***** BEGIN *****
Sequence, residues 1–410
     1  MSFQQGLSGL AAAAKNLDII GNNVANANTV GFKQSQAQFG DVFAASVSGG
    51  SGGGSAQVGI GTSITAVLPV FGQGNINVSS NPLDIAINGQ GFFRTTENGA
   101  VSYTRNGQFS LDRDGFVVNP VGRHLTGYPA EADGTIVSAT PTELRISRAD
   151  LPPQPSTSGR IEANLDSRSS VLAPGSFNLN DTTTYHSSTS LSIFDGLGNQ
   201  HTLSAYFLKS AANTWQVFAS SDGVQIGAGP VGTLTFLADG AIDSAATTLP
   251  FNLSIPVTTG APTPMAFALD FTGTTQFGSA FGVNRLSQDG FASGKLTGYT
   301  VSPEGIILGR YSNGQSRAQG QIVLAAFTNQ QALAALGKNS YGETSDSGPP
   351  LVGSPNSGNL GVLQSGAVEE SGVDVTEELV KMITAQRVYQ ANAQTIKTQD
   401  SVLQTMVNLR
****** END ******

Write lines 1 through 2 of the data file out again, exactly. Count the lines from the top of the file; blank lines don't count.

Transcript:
Sequence, residues 1–410
     1  MSFQQGLSGL AAAAKNLDII GNNVANANTV GFKQSQAQFG DVFAASVSGG